We're a week away from next Thursday night's NBA draft and that Kevin Love trade talk is heating up.
One day after we learned Denver is in pursuit, former Gophers star Mychal Thompson on L.A. radio station ESPN 710 Thursday said he has inside information from up in Oakland that the Warriors are close to trading his son Klay to the Wolves along with David Lee and a future first-round pick to the Wolves for their two Kevins, Love and Martin.
Later off the air, Thompson told a Bay Area reporter his source was someone from ESPN.
ESPN's Marc Stein, who's based in Dallas not in Oakland, cited sources as saying the Warriors indeed now are willing to include Klay Thompson in a trade.
ESPN's Chris Broussard then added in a tweet that the trade possibly could be Love, Kevin Martin, J.J. Barea and the Wolves' 13th pick for Thompson and Lee.
Again, it's more anonymously sourced chatter but you can see where this is going: The Warriors always have, in my book, been among the favorites, probably the favorite, because they have the assets if they were willing to include Klay Thompson, they satisfy Love's desire to go to a place where he can win now, their owner is highly motivated and Love would likely re-sign there.
I don't think Thompson being suddenly available is new. I think the Warriors always have known he'll have to be part of the deal if they want Love.
That said, Thompson and Lee likely isn't enough in return for Love. Taking back Kevin Martin's three years and $21 million remaining on his contract helps, but taking on Lee's two years' left at $15 million per isn't any favor the Warriors are doing the Wolves. You can bet Flip Saunders is saying, OK, he'll take Lee back but he'll want a third piece, either Harrison Barnes or Draymond Green.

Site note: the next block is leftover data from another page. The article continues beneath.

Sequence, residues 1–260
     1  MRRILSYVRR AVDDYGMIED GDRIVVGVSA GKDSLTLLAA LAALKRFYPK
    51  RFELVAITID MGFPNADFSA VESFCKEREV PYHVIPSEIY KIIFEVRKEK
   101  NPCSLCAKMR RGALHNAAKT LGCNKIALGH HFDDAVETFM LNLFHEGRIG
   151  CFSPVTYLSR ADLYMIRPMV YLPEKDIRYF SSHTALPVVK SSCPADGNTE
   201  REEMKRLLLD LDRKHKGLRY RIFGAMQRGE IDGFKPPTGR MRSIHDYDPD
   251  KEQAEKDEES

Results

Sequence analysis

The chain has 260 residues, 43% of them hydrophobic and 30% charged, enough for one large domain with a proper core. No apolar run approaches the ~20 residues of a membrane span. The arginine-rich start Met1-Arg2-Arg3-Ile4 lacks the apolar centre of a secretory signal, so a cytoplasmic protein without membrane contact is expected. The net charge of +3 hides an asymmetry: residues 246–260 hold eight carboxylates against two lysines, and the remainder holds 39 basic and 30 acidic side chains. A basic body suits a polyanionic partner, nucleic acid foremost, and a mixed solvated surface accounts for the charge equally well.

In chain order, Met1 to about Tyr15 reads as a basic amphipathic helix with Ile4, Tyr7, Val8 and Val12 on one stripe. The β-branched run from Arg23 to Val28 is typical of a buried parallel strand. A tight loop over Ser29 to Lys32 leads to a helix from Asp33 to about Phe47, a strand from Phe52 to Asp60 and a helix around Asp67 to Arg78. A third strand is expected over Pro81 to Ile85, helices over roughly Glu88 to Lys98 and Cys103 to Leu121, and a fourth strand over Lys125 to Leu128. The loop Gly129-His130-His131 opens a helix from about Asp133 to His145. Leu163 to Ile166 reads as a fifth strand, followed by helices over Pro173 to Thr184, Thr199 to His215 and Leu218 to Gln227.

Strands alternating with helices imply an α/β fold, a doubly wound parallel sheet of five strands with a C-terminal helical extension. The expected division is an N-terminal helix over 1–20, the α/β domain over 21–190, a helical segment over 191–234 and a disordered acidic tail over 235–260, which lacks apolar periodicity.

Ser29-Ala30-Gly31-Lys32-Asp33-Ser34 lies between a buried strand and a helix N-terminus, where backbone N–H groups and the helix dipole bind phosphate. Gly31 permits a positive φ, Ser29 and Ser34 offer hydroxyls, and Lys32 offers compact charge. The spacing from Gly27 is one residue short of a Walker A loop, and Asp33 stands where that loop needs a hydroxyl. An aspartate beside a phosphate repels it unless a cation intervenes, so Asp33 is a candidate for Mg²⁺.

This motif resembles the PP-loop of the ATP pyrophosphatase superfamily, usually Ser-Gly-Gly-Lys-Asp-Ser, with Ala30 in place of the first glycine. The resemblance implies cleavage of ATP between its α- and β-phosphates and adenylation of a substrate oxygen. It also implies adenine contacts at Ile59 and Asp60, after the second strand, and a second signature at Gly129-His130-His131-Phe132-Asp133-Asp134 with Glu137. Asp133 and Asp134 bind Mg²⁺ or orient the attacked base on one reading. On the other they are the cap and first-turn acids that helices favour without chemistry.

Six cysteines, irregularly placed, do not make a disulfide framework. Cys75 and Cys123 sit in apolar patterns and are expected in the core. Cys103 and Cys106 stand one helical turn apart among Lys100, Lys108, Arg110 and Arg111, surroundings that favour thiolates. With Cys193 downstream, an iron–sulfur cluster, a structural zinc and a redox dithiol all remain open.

Flip told me pretty flat-out today that he's not trading his 13th overall pick, and seemed taken aback a bit when I asked him about it.
It's a dance and there still is seven days before draft night. And with a draft like this where likely no draft picks will be involved, there's no reason this has to, or will, get done by draft night.
In revealing a trade prosposal he said believes will happen, Mychal Thompson on his radio show said at first he was "too depressed" to talk about it and then added that he'd have to talk his son "down off the ledge" if the trade comes to be because Klay was looking forward to playing alongside Love in Oakland.
"It's going to cost my son a chance to play with his former childhood playmate," said Mychal Thompson, who added his son and Love played together as youngsters. "It's disappointing because Klay and I have been talking about this all summer, the possibility of this happening, him and Kevin being on the same team along with Steph Curry. He was really looking forward to that. He thought if you added Love to the Splash Brothers (Curry and Thompson) with Bogut and Iguodala and you tweak the bench, they had a chance to the West final next year. That was what he was really pumped up about."
Don't forget that Thompson played with Flip with the Gophers and Klay Thompson's agent, Bill Duffy, was a college pal of both Saunders and Kevin McHale.
"Flip Saunders is a good coach," Mychal Thompson said. :I like him as a human being. He's a good guy. He was my teammate. I like Minnesota, it's great, except for the winters. You've got to look at the positives for Klay if this deal goes through. You get to play with Ricky Rubio, who's one of the best passers in the game. You're playing for a good coach in Flip Saunders. He'll take a step back career-wise as far as the playoffs are concerned."
One other thing not to forget: Thompson is due to get paid. He's eligible to sign a contract extension starting July 1 and will be a restricted free agent next summer if he doesn't reach agreement on a new contract by October's end.
You can expect Duffy to push for a max deal for his client -- not saying he'll come near to getting one, but he'll surely try -- and I'm sure the Warriors know they must prioritize their payroll. They're already paying Bogut, Lee, Iguodala and Curry all nearly $10 million each or more a year.